Observation of Wind Direction Change on the Sea Surface Temperature Front Using High-Resolution Full Polarimetric SAR Data
|Author(s)||Kim Tae-Sung1, Park Kyung-Ae2, Li Xiaofeng3, Mouche Alexis4, Chapron Bertrand4, Lee Moonjin5|
|Affiliation(s)||1 : Seoul Natl Univ, Dept Earth Sci Educ, Seoul 08826, South Korea.
2 : Seoul Natl Univ, Dept Earth Sci Educ, Ctr Educ Res, Res Inst Oceanog, Seoul 08826, South Korea.
3 : NOAA, Natl Environm Satellite Data & Informat Serv, GST, College Pk, MD 20740 USA.
4 : IFREMER, CERSAT, F-29280 Plouzane, France.
5 : Korea Res Inst Ships & Ocean Engn, Maritime Safety Res Div, Daejon 34103, South Korea.
|Source||Ieee Journal Of Selected Topics In Applied Earth Observations And Remote Sensing (1939-1404) (Ieee-inst Electrical Electronics Engineers Inc), 2017-06 , Vol. 10 , N. 6 , P. 2599-2607|
|WOS© Times Cited||6|
|Keyword(s)||Full-polarization synthetic aperture radar (SAR), sea surface temperature (SST) front, sea surface wind field, stability-effect, wind direction|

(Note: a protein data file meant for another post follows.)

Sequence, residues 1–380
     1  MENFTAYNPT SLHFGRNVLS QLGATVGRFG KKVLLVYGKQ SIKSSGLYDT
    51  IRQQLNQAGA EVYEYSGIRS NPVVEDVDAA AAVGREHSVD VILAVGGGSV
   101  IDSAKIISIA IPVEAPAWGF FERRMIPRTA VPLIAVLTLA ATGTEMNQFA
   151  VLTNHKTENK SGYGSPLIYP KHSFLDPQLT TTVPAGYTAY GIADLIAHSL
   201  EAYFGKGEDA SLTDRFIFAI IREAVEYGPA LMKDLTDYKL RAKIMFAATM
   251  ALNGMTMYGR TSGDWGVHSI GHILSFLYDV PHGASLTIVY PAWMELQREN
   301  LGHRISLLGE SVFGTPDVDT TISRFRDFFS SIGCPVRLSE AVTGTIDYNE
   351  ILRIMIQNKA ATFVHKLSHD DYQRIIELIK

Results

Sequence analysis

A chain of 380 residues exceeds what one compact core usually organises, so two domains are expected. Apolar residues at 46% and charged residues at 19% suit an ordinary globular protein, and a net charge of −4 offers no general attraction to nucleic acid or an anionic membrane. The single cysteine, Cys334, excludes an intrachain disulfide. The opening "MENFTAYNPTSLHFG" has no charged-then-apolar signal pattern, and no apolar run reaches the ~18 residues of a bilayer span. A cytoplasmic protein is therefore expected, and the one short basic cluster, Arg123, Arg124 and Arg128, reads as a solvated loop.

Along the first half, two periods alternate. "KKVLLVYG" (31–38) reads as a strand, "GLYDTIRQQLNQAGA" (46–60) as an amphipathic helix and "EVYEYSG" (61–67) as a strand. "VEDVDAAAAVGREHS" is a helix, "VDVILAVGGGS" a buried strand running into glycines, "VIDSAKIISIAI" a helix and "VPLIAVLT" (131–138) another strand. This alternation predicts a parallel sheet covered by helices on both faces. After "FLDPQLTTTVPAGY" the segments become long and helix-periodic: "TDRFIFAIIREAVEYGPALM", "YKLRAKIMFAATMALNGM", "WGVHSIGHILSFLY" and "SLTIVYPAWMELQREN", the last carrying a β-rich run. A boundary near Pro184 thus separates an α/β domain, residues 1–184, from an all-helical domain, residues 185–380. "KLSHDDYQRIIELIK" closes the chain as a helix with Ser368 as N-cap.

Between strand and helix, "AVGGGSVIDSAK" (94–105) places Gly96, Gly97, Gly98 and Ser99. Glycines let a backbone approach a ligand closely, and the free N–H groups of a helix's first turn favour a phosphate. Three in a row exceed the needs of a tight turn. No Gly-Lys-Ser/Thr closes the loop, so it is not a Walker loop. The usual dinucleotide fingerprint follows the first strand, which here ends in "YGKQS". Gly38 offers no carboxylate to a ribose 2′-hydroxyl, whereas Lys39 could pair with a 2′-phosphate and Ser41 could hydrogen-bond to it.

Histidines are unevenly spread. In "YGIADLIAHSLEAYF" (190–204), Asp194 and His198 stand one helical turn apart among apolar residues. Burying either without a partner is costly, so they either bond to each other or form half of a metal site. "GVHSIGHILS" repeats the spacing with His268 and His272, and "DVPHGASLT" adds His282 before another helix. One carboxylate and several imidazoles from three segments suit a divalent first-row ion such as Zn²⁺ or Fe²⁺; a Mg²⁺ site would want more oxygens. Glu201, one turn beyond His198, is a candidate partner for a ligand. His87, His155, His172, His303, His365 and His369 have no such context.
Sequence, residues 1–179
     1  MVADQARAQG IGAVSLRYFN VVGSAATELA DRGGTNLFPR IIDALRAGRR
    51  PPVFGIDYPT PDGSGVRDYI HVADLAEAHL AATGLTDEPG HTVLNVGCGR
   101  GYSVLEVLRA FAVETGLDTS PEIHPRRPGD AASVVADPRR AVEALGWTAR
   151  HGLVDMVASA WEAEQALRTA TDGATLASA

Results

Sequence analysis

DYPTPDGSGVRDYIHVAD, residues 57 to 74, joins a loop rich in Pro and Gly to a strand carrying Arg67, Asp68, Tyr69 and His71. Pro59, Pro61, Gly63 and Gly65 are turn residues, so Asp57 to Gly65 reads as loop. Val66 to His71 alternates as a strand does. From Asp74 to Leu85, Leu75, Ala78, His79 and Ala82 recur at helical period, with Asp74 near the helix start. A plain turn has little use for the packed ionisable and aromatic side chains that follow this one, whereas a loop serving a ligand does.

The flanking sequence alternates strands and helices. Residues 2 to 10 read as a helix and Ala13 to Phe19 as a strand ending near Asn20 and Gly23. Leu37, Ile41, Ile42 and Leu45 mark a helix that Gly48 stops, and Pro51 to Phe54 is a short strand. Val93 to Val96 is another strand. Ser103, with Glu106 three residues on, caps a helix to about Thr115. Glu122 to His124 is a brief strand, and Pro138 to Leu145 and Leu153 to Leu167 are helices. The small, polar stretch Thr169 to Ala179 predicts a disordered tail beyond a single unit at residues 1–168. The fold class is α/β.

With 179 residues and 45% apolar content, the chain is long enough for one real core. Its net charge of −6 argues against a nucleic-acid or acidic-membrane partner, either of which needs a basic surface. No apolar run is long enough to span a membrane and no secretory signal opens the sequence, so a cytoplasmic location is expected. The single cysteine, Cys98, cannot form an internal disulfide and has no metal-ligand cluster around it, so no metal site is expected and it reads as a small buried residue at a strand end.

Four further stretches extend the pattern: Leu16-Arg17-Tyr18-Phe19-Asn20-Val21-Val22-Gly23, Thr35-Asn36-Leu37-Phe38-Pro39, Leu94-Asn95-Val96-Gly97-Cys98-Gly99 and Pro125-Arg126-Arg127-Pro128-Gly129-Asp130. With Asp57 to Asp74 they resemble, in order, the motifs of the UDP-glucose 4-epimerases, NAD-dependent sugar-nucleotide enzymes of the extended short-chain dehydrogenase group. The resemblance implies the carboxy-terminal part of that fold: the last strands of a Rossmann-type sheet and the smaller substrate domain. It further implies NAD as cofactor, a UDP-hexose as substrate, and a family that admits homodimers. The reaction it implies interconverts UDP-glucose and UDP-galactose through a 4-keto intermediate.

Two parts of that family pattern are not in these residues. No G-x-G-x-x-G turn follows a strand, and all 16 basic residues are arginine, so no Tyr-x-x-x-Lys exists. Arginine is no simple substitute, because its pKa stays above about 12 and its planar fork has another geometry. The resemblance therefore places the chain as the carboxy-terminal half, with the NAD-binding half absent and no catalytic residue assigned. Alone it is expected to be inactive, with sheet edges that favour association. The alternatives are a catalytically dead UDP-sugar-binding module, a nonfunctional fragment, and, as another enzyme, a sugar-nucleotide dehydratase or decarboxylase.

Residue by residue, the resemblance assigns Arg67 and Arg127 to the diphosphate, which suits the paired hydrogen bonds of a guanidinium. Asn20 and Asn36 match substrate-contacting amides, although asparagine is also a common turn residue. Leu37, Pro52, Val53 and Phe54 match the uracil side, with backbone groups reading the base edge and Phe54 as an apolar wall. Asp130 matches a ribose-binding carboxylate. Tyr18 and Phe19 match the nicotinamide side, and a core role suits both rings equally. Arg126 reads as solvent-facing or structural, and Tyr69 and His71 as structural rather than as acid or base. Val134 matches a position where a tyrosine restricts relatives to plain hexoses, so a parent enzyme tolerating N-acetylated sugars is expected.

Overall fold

|Abstract||In this study, we derive high-resolution wind speeds and directions from full-polarization synthetic aperture radar (SAR) data. Previous wind retrieval result from conventional single-polarization SAR data has a limitation to resolve small-scale structures in the surface wind because external wind direction data with coarser spatial resolution than those of SARs have been commonly used as an input. Using fully polarimetric SAR data, however, both wind speed and direction can be derived with high resolution from the image itself without any ancillary data. We derive wind field off the southern coast of Korea from the Radarsat-2 quad-polarization data and investigate the spatial variation. The retrieved wind field from the Radarsat-2 image presents a detailed structure including small-scale variations which is unobtainable from conventional wind observations. Comparison of the derived wind directions with in-situ buoy wind measurements shows a small difference of 8° which is regarded as sufficient to analyze small-scale wind vector changes. The retrieved wind field off the southern coast of Korea demonstrates the distinct patterns of direction changes. While blowing over the sea surface temperature (SST) frontal zone, the veering angles of wind vectors decrease and then are restored. The analysis of SAR-derived wind vectors with coinciding temperature distributions confirms that the variation in SAR-derived wind vectors on the SST fronts is mainly induced by the stability effect. This study also addresses the important role of precise wind direction retrieval on the accuracy of retrieved wind speed.|